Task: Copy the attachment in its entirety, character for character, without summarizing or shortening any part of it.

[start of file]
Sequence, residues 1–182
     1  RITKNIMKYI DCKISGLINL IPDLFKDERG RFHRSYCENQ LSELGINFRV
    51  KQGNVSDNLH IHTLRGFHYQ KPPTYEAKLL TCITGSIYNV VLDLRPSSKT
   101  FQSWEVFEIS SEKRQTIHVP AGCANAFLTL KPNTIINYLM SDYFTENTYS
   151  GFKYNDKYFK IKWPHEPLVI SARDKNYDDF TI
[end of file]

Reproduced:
Sequence, residues 1–182
     1  RITKNIMKYI DCKISGLINL IPDLFKDERG RFHRSYCENQ LSELGINFRV
    51  KQGNVSDNLH IHTLRGFHYQ KPPTYEAKLL TCITGSIYNV VLDLRPSSKT
   101  FQSWEVFEIS SEKRQTIHVP AGCANAFLTL KPNTIINYLM SDYFTENTYS
   151  GFKYNDKYFK IKWPHEPLVI SARDKNYDDF TI